How can I control the envelope of the output?
There are two methods for enveloping short output bursts: automatic output shift keying (OSK), and manual OSK. In automatic mode, the user can program a maximum amplitude scale factor (≤=1). When the OSK pin is brought high, the part will ramp from a scale factor of zero to the set value in an interval defined by the value in the ramp rate register. When the pin is brought low, the amplitude is ramped back down at the same rate to zero. In manual mode, the user can write and update scale factors to increase or decrease the amplitude during the burst. The user must assure that the part can accept data at the required update rate via its serial or parallel I/O interface.
How do I use a DDS for a clock driver?
To use a DDS as a clock driver, the output sinewave must be converted to a rectangular wave with fast edge transitions (high slew rate). In order to do this, it is necessary to pass the AC output signal through a high-speed comparator, with an output of the correct voltage level.
Many of the ADI DDSs have integrated high-speed comparators in order to make clock signal generation simple. It is also always possible to use an external, high-performance, high-speed comparator from ADI. But, in all cases – don't forget the low pass (band pass) filter.
Please refer to Application Notes AN-823, "Direct Digital Synthesizers in Clocking Applications" and AN-837, "DDS-Based Clock Jitter Performance vs. DAC Reconstruction Filter Performance" for more detailed information.
Can I use the same power supply for AVDD and DVDD?
A single supply can definitely power both AVDD and DVDD. However it may not provide the best isolation between the analog and digital circuitry which may increase the noise coupling. We typically recommend going by our evaluation board layout as the test bed for the user. Best engineering practice dictates good AC bypassing at each individual device pin, and providing adequate trace size to reduce IR drops to minimal amounts (e.g. – use power planes).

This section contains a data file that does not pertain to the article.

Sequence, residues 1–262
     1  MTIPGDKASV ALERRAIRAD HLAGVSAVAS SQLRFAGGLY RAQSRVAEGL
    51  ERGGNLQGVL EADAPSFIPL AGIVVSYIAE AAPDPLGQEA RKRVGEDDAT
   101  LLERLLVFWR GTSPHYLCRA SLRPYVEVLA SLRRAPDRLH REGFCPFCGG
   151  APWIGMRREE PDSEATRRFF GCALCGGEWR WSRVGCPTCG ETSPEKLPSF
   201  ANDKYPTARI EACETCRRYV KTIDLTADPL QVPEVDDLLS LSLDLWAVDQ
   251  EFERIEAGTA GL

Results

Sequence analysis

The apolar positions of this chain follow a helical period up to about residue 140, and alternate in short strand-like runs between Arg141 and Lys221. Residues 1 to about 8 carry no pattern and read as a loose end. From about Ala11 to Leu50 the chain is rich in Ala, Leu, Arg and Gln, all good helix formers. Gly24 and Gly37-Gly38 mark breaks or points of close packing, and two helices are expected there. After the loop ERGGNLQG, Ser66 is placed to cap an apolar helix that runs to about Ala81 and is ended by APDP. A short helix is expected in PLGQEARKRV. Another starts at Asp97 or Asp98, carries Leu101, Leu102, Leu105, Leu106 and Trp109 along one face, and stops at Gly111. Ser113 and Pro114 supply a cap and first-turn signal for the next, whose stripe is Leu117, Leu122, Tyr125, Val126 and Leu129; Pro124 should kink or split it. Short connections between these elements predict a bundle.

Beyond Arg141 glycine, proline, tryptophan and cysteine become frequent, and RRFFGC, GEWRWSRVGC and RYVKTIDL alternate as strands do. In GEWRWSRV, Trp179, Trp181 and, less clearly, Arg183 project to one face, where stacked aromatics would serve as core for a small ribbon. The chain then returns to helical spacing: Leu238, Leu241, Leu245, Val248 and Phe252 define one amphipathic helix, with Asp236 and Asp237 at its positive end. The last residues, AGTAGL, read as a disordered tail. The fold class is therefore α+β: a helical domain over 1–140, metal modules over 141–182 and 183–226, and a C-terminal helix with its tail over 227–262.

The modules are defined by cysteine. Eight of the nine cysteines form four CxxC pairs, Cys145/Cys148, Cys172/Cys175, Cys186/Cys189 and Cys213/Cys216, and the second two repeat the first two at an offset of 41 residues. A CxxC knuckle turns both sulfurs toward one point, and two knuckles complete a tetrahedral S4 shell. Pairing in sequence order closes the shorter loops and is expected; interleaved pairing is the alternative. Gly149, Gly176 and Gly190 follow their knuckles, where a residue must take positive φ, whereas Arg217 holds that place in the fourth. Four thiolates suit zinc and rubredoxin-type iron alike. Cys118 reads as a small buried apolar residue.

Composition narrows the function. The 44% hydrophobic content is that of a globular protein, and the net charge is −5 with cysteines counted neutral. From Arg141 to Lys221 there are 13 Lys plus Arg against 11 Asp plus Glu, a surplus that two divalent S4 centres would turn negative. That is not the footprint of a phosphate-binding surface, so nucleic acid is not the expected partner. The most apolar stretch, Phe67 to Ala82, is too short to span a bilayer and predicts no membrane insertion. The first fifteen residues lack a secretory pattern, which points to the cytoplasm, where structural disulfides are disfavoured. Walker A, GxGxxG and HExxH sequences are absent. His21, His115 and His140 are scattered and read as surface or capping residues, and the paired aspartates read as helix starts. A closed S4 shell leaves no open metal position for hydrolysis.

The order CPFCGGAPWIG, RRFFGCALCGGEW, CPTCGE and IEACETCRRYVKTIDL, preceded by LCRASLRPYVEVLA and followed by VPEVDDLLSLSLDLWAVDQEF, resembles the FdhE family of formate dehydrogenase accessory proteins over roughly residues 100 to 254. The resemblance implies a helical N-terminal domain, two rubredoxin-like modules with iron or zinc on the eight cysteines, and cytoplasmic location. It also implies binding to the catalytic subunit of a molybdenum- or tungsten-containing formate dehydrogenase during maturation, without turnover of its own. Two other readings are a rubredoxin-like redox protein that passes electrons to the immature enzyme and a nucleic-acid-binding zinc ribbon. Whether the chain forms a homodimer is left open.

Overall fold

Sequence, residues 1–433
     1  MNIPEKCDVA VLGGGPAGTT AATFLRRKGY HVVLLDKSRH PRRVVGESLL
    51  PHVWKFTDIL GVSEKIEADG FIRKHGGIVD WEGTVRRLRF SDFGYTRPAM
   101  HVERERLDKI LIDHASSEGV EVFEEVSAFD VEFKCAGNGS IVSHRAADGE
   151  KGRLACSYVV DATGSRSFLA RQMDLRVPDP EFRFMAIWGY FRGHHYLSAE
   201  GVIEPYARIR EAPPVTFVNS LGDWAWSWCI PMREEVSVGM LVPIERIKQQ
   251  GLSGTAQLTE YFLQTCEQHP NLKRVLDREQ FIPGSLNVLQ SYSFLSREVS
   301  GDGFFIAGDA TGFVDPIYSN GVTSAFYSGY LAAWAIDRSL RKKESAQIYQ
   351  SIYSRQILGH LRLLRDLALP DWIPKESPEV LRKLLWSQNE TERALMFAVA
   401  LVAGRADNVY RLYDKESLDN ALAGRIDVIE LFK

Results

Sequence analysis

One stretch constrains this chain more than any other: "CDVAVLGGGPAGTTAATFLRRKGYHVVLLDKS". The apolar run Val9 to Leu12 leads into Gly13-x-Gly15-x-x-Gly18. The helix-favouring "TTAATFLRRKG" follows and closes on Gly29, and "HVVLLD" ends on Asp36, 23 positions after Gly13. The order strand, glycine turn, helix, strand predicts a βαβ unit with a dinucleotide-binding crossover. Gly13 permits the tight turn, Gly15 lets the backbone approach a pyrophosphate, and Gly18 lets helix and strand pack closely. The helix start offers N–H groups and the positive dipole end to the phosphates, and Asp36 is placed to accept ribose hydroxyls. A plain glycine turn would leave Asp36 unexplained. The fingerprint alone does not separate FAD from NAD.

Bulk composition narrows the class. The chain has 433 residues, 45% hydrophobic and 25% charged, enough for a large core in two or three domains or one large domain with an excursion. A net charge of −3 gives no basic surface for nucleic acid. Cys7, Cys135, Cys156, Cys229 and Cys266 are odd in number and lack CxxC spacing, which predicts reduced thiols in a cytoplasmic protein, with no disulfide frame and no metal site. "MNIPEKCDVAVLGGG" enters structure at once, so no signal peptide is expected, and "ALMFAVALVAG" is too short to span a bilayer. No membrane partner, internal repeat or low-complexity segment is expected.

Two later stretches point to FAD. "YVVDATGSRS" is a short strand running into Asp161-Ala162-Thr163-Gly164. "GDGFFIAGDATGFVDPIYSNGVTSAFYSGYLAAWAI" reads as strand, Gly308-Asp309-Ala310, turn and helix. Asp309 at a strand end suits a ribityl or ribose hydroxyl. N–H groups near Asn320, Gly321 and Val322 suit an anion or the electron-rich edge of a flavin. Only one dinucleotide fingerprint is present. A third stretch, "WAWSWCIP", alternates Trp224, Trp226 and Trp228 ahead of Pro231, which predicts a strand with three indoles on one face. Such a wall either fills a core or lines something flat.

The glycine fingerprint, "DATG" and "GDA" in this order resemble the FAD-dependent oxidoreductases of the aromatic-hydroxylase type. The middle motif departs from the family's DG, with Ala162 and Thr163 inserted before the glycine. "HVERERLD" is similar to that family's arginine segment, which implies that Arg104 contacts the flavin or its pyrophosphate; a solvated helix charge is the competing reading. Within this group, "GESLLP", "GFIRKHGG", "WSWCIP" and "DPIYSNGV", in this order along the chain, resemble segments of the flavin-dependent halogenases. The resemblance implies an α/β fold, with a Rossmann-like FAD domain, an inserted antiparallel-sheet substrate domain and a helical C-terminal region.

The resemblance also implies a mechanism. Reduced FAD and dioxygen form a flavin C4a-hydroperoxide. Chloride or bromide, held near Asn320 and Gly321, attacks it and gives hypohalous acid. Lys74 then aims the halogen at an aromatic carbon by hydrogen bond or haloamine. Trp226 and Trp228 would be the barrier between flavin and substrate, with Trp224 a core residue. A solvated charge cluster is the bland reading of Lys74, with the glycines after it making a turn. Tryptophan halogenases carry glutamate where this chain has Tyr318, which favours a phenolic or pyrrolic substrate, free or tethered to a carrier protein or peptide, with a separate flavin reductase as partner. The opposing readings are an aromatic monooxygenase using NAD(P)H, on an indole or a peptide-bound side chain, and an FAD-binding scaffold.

How do I change the phase of my output signal?
To change the phase offset of the DDS output signal, write a value to the phase offset register. Upon issuing an I/O update (FUD), the part will add the phase offset to the current value of the phase accumulator. This phase change occurs in phase continuous manner.
Where can I find some good background material on direct digital synthesis?
The following DDS tutorials should be helpful:
A Technical Tutorial on Digital Signal Synthesis and
Tutorial MT-085, Fundamentals of Direct Digital Synthesis
Why can't I see a signal at the output of my DDS when it is unterminated? (I'm setting everything correctly, but I'm just probing the output pins of the DDS which have nothing connected to them.)
All ADI DDS ICs have DACs with current-mode outputs. It is necessary to convert the current to a voltage by passing the output through an appropriate value of resistor before a voltage signal can be measured. Also, a balanced-to-balanced, or balanced-to-unbalanced transformer may be used. The transformer must be center-tapped on the DDS side in order to provide a current path for the DAC outputs.
The output from the DDS DAC is a pair of complementary currents, set by the external Iset resistor to a suitable value. This current is usually 10mA, or sometimes 20mA. This is a fixed current, which is steered between the Iout and Iout_bar DAC output pins according to the digital code applied to the DAC at the instant. Full scale positive results in all of the current coming out of the Iout pin, and none out of the Iout_bar pin. Full scale negative is the opposite – all of the current coming out of the Iout_bar pin, none out of the Iout pin. Midscale on the DAC results in equal amounts of current coming from both pins simultaneously. The sum of the currents at any instant is always equal to the Iset current.